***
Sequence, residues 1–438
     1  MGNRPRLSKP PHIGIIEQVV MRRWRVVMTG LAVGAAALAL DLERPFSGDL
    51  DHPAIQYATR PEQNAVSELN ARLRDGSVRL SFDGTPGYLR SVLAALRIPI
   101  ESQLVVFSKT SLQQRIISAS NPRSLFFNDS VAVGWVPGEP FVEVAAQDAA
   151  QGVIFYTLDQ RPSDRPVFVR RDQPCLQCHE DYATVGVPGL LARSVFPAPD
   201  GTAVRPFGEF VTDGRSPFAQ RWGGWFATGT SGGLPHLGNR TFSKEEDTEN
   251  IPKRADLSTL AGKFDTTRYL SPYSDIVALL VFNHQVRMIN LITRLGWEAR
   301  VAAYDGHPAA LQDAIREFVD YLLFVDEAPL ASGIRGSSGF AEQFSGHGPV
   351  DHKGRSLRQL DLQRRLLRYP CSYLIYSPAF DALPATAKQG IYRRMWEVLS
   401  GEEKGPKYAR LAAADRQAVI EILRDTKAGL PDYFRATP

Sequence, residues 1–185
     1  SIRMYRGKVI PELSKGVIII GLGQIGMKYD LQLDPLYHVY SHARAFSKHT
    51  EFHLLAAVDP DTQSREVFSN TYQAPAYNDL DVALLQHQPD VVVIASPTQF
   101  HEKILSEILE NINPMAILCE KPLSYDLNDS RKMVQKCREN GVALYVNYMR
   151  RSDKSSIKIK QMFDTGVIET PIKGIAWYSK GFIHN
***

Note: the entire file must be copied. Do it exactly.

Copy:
Sequence, residues 1–438
     1  MGNRPRLSKP PHIGIIEQVV MRRWRVVMTG LAVGAAALAL DLERPFSGDL
    51  DHPAIQYATR PEQNAVSELN ARLRDGSVRL SFDGTPGYLR SVLAALRIPI
   101  ESQLVVFSKT SLQQRIISAS NPRSLFFNDS VAVGWVPGEP FVEVAAQDAA
   151  QGVIFYTLDQ RPSDRPVFVR RDQPCLQCHE DYATVGVPGL LARSVFPAPD
   201  GTAVRPFGEF VTDGRSPFAQ RWGGWFATGT SGGLPHLGNR TFSKEEDTEN
   251  IPKRADLSTL AGKFDTTRYL SPYSDIVALL VFNHQVRMIN LITRLGWEAR
   301  VAAYDGHPAA LQDAIREFVD YLLFVDEAPL ASGIRGSSGF AEQFSGHGPV
   351  DHKGRSLRQL DLQRRLLRYP CSYLIYSPAF DALPATAKQG IYRRMWEVLS
   401  GEEKGPKYAR LAAADRQAVI EILRDTKAGL PDYFRATP

Sequence, residues 1–185
     1  SIRMYRGKVI PELSKGVIII GLGQIGMKYD LQLDPLYHVY SHARAFSKHT
    51  EFHLLAAVDP DTQSREVFSN TYQAPAYNDL DVALLQHQPD VVVIASPTQF
   101  HEKILSEILE NINPMAILCE KPLSYDLNDS RKMVQKCREN GVALYVNYMR
   151  RSDKSSIKIK QMFDTGVIET PIKGIAWYSK GFIHN